Under the heading “Can all of DFO's Measures to Avoid Harm be Implemented?” for each watercourse was the response “No, an isolated crossing will be required outside the LRBW; a contingency open-cut may also be required outside the LRBW.” or “Yes, although a contingency open-cut crossing may be required inside the LRBW.”

Under the heading “Project Proposed Construction Timing” were a variety of timing windows with no year specified (twenty watercourse crossings), or with the year 2019 specified (six watercourse crossings: BC-110, BC-151, BC-168, BC-189, BC-201, and BC-275). This seems to imply 2018 as the year for the twenty watercourses for which no year was stated.

Of those for which no year was stated and for which the year 2018 might be implied:
- Eleven list a proposed construction timing that has already passed; BC-36, BC-38, BC-52, BC-65a, BC-76, BC-78, BC-85, BC-93, BC-180, BC-193b, and BC-631.
- Seven list a proposed construction timing that has begun but not yet ended; BC-636, BC-639, BC-645, BC-657, BC-662, BC-668, and BC-725.
- Two list a proposed construction timing in December; BC-56 and BC-112.

2017 was reported to be the worst wildfire year in B.C. history, with a provincial state of emergency from July 7 to September 15 that year. Today, August 15, 2018, the government of B.C. declared a province-wide state of emergency again, to deal with wildfires.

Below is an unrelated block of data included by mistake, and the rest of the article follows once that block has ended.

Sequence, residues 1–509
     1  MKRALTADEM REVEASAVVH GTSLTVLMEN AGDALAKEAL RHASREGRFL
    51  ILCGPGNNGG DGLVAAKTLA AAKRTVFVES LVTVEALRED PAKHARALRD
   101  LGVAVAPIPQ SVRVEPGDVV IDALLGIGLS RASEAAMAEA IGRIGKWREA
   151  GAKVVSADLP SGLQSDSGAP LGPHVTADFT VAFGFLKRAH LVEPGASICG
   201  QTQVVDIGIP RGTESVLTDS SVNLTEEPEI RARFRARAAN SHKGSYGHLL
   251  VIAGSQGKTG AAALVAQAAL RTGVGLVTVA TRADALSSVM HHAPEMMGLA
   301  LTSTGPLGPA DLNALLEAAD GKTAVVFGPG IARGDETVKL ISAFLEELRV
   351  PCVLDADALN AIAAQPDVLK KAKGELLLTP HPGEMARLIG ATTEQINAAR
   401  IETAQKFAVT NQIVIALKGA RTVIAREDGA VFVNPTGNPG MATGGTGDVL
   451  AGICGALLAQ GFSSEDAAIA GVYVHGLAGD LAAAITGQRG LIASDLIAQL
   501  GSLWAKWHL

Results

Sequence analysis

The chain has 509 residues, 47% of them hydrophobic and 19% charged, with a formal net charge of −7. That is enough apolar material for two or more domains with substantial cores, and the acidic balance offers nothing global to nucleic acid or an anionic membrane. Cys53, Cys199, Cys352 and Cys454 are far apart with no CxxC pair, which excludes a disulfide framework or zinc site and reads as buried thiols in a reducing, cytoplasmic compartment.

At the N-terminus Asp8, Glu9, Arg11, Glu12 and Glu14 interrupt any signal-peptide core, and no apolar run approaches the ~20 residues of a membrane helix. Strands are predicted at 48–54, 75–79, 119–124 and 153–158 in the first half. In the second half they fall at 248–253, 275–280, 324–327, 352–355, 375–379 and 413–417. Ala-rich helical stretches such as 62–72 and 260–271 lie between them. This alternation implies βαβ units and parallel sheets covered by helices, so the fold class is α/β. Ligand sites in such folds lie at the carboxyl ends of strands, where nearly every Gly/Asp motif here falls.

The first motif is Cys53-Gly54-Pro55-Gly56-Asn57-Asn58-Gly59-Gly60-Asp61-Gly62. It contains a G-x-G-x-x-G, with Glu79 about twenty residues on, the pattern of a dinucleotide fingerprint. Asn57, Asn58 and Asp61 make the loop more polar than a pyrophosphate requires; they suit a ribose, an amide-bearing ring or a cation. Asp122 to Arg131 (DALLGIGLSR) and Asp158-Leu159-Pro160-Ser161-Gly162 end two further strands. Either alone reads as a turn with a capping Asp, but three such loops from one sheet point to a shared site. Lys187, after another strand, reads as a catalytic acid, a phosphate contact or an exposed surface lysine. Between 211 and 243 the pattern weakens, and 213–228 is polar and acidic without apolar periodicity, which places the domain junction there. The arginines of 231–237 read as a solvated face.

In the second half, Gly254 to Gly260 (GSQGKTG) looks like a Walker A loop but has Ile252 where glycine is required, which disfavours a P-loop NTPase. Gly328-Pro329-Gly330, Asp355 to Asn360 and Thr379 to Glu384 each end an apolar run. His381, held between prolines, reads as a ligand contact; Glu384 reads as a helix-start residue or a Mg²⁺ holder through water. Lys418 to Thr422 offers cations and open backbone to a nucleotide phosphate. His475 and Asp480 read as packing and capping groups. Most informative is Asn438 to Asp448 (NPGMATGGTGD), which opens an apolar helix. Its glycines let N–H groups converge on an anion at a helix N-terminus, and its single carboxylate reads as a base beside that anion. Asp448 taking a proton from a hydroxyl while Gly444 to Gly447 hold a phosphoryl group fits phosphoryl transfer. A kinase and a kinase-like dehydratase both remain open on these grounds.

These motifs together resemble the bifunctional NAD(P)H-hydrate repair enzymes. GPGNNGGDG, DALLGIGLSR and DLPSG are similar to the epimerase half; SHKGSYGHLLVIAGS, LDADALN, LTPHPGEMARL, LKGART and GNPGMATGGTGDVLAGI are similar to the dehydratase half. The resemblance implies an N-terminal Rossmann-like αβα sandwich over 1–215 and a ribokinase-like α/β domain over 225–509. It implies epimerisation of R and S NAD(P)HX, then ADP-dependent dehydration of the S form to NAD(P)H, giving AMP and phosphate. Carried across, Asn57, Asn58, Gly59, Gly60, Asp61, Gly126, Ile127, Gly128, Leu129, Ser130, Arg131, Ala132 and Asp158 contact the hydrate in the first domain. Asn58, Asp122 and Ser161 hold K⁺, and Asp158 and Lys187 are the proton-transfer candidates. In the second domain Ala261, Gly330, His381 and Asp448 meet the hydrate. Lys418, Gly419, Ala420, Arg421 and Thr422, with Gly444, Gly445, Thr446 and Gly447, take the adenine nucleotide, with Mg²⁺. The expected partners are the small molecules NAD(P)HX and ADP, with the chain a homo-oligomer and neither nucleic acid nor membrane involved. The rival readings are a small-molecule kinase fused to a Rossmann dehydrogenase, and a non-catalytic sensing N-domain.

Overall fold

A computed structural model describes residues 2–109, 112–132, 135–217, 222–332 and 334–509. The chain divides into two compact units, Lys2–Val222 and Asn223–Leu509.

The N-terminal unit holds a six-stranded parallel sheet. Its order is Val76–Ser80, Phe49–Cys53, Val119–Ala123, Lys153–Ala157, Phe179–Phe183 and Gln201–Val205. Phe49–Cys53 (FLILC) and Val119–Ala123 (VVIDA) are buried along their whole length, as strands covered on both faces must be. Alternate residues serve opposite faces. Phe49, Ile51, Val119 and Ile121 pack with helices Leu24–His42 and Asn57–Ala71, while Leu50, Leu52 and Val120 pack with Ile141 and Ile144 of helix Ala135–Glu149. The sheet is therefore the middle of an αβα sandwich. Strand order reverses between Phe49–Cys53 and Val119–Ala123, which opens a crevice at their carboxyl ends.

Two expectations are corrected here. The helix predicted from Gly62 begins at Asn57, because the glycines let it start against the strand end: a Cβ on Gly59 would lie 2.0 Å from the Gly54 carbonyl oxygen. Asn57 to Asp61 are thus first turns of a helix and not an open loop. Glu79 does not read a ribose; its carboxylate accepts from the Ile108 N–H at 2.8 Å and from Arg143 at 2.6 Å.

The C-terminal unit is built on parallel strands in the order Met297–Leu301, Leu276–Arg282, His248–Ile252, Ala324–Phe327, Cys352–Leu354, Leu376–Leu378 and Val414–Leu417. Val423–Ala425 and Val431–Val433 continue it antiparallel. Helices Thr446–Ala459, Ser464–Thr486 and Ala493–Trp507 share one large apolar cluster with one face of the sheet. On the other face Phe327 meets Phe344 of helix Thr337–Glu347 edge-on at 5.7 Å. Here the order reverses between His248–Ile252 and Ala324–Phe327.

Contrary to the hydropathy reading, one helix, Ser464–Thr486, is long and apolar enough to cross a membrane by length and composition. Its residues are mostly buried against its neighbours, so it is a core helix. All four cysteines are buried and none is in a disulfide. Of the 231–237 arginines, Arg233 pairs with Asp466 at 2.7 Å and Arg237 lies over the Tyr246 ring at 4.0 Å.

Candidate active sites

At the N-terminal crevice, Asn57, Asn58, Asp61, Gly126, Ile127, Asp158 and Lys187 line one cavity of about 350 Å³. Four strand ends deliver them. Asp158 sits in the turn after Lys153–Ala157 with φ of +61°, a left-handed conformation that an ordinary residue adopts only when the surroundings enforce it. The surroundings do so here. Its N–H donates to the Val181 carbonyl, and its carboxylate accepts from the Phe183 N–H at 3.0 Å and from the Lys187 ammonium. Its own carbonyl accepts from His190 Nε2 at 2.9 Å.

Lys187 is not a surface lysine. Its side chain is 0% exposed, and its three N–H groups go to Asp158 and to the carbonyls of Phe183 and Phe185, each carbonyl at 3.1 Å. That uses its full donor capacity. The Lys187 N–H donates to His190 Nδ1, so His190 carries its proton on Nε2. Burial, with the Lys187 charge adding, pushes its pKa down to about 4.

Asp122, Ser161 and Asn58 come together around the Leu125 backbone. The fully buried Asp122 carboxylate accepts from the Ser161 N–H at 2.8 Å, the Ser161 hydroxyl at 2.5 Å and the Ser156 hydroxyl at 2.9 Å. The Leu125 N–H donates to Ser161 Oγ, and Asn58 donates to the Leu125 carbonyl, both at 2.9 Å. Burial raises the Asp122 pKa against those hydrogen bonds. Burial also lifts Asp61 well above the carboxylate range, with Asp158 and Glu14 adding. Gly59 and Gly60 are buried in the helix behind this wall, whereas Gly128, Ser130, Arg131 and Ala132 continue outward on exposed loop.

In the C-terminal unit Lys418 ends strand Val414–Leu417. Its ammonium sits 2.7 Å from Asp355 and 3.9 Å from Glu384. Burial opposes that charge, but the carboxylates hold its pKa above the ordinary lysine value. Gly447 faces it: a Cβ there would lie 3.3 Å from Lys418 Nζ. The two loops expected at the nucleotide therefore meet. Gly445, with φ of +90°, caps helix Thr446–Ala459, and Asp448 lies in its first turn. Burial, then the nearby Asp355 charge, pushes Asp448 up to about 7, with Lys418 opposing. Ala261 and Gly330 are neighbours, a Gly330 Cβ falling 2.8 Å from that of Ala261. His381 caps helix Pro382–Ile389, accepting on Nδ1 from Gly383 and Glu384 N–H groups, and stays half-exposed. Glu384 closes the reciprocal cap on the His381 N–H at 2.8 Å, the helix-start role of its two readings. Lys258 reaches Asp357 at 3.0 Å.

Wildfires are detrimental to fish populations in ways including destruction of riparian cover and resulting water temperature increase, pollutants and toxins introduced to water bodies, changes in precipitation run-off and sedimentation of streams, and changes in availability of food. Stresses as a result of wildfire compound existing stresses from climate induced high water temperatures and drought. Presently all of B.C. except the East Peace is in stage 2, 3 or 4 drought.

In light of these multiple and developing stresses on fish populations in B.C. the methods and timing of watercourse crossings for the Project cannot be evaluated based on historical data.